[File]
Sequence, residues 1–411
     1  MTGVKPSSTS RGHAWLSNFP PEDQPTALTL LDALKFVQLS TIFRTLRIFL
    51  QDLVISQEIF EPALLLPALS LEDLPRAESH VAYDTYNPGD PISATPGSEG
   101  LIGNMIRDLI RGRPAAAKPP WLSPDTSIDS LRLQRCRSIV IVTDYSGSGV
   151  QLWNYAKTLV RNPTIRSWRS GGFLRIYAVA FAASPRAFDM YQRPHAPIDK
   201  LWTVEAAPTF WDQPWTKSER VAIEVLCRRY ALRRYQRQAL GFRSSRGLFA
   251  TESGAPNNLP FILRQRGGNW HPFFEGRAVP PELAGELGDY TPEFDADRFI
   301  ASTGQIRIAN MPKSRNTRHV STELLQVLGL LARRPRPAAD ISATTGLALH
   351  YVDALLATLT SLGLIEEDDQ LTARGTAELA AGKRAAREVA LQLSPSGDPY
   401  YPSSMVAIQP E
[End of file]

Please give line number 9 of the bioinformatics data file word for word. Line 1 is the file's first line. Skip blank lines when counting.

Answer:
   351  YVDALLATLT SLGLIEEDDQ LTARGTAELA AGKRAAREVA LQLSPSGDPY